In the 5 Minute Van Ride to the Grocery

Owen: “Why do we have to get butter at the store?”
Andy: “Because we don’t have butter.”
Owen: “But we do have butter!”
Andy: “No. We don’t. We have margarine.”
Me: “Daddy doesn’t like margarine.”
Owen: “What’s margarine?”
Me: “Fake butter.”
Owen: “But I like margarine!”
Andy (jokingly, I think): “You are not my son!”
James (singing): “You are my sunshine, my only sunshine, you make me haaapppy, when skies are graaayyy.”
Owen: “I want to play I Spy!”
Andy: “OK, you can go first.”
Sophie: “I want to go first!”
Andy: “It was Owen’s idea, so he gets to go first.”
(Complaints from Sophie. Stern words from me.)
Owen: “I spy with my little eye something pink.”
Me: “My nails?”
Owen: “No! That cup!”
(He’s still learning the rules of the game.)
Everyone: “Yay!”
Sophie: “My turn! I spy with my little eye something red and white.”
Andy: “That’s pink.”
Sophie: “No. A lot white and just a little red.”
(We guess a million things.)
Sophie (beyond frustrated): “It’s a lollipop stick with just a little bit of cherry lollipop still stuck on it!”
Me: “Where did you find that?”
Sophie: “In the holder!”
(The holder is a little compartment next to her seat in the van.)
Me: “Um, what else is your holder?”
Sophie: “Old Oreo cookies, old pita chips, a pinecone and a rock. Oh! And a barrette!”
James: “It’s my turn!”
Me, to Andy: “We have to clean out the van.”
James: “I spy with my little eye something green.”
Andy: “The trees.”
James: “No.”
Andy: “The grass.”
James: “Yes!”

And so on.

“A suburban mother’s role is to deliver children obstetrically once, and by car forever after.” —Peter De Vries

Sophie Discovers Commercials

Sophie: “Mommy, did you know there’s something on TV called a PackIt?”

Me: “What’s that?”

Sophie: “It’s for when you go on picnics and if the PackIt is cold it keeps food that needs to be cold really, really cold.”

Me: “Oh?”

Sophie: “And guess where you keep it?”

Me: “Where?”

Sophie: “In your refrigerator.

Me: “Oh.”

Sophie: “And guess what?”

Me: “What?”

Sophie: “If you drop it, it won’t break. And it won’t spill! And there’s a bottle that comes with it. And a container.”

Me: “Oh.”

Sophie: “Do you know where I learned that?”

Me: “Where?”

Sophie: “On the TV. I learned that on the TV.”

Me: “Sophie, do you know what a commercial is?”

Sophie: “Uh-uh. I don’t.”

Me: “Do you think someone was trying to sell you that PackIt?”

Sophie: “I’m not sure.”

Me: “Is it something you want to buy?”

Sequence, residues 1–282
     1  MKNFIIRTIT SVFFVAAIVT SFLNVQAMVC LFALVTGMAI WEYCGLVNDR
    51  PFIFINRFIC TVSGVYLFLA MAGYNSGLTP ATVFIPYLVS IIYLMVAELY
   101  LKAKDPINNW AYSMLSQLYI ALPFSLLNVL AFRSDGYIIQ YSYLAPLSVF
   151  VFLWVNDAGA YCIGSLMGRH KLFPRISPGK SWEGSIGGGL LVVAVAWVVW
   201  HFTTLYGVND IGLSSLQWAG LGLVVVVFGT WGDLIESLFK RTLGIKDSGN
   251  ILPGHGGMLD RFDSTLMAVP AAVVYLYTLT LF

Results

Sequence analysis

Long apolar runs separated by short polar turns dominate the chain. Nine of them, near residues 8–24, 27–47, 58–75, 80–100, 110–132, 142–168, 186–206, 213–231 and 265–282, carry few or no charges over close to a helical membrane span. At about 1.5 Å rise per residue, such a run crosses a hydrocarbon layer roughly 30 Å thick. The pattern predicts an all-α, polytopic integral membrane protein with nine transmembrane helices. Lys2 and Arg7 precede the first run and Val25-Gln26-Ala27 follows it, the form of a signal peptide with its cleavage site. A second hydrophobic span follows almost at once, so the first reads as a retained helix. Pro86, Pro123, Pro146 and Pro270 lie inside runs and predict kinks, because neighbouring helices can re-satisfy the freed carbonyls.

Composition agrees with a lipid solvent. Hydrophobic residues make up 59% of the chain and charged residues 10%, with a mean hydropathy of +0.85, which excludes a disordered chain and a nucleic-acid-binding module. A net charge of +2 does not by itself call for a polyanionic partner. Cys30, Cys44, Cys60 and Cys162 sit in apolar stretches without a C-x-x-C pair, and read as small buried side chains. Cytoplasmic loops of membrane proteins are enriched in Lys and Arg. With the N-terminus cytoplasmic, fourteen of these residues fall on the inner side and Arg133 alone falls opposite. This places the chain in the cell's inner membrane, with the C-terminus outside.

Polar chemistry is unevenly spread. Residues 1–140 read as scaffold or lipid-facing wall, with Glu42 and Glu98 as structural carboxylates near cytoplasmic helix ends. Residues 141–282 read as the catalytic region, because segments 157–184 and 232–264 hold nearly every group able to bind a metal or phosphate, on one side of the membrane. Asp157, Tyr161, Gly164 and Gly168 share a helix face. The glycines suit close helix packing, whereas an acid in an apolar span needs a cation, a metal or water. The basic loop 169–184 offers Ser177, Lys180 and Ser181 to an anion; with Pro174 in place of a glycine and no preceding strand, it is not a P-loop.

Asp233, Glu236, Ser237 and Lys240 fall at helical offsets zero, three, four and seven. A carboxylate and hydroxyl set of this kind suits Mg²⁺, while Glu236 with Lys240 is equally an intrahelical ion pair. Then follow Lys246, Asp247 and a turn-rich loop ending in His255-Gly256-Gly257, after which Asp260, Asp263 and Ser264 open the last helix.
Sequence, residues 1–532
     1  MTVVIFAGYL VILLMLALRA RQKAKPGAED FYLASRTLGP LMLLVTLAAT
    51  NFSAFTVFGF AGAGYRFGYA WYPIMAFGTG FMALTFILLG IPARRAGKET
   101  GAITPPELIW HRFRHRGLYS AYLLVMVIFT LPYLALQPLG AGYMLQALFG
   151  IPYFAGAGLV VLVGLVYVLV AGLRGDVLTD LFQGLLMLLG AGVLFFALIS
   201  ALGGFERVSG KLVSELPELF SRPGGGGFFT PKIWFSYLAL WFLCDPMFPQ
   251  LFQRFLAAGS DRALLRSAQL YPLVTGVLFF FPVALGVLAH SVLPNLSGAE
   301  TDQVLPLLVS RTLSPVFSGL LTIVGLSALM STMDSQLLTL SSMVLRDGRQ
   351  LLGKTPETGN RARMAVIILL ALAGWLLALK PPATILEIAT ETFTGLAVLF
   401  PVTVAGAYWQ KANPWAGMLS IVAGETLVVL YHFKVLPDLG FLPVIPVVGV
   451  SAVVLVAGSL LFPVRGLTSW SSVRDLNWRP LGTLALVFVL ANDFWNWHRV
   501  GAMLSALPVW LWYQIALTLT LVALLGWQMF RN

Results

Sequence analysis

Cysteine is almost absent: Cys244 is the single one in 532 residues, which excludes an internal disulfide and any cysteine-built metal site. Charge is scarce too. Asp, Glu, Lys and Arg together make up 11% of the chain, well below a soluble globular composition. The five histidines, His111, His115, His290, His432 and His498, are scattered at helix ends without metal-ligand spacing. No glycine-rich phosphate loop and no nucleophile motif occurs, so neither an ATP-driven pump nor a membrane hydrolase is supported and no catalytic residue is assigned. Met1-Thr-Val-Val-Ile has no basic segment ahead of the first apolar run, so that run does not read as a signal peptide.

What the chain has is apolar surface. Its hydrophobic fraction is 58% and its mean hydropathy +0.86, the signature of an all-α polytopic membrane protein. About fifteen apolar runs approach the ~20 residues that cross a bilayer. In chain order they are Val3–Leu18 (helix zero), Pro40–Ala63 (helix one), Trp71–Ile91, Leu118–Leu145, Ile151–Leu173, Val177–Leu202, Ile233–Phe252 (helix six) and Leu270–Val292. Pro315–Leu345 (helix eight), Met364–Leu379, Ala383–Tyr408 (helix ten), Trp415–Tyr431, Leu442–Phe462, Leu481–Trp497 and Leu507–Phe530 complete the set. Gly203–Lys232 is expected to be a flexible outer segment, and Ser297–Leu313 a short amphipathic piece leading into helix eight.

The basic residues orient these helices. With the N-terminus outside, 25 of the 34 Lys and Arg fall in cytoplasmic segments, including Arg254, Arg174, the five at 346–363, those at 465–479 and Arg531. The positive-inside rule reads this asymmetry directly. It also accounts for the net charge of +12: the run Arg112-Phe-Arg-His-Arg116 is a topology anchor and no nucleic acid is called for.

Sophie: “Uh-huh.”

Me: “Why?”

Sophie: “Because then we can take cold stuff that needs to be cold to a picnic!”

Me: “What about just getting ice from the freezer and using that?”

Sophie: “We won’t need ice for it!”

Me: “No, I mean, what about using ice from the freezer instead of the Packit?”

Sophie: “I don’t know what you mean.”

Me: “What if, we took ice from the freezer, put it in a plastic bag or cooler, and used that to keep our food cold? Then we wouldn’t have to buy a Packit. Do you think that’s a good idea?”

Sophie: “Mm-hmmm. Can I watch a movie now?”

“In general, my children refused to eat anything that hadn’t danced on TV.” —Erma Bombeck


Me: “Sophie, at preschool your teacher said you’re learning about winter celebrations and traditions, like Los Posados, St. Lucia Day, Hanukkah and Kwanzaa.”
Sophie: “Uh huh.”
Me: “Tell me about them! What’s Kwanzaa?”
Sophie, scrunching up her face: “A planet?”

Sophie: “Daddy, is it cold out today?”
Andy: “Yes.”
Sophie: “On that case, I will wear my hood.”

(in Great Grandma’s bathroom)
Sophie: “Mommy, look at the shower curtain!”
Me: “It’s very pretty. I like the birds and the vines.”
Sophie: “Look at the top part. It’s glorious!”

(on showing her some purchases I made at Target the night before)
Me: “I bought you some new socks, that actually fit!”
Sophie: “Oh!”
Me: “And 4T jeans—with sparkles!—and a 4T shirt. You’re getting bigger!”
Sophie: “Oh!”
Me: “What do you say?” (We’re trying to teach her to say thank you unprompted.)
Sophie: “That you forgot new shoes?”

(on telling her she has to put the iPod away)
Me: “You’ve been playing games on it for too long. It’s time to put it away.”
Sophie: (some type of whining response)
Me: “Read a book! Play with your dollhouse! Dress-up! Color a picture!”
Sophie: (some type of whining response)
Me: “Seriously, put your iPod away. And actually, it’s not even yours. It’s mine.”
Sophie: “I just love it so much more than you do, Mommy.”
Me: “Well, you can’t play it all day long. It’s not healthy.”
Sophie: “I’m going to be the girl who plays the iPod all the time.”
Me: “I don’t want you to be the girl who plays the iPod all the time.”
Sophie: “But that’s who I am! I’m going to be that girl!”

“Children are like wet cement. Whatever falls on them makes an impression.” —Dr. Haim Ginott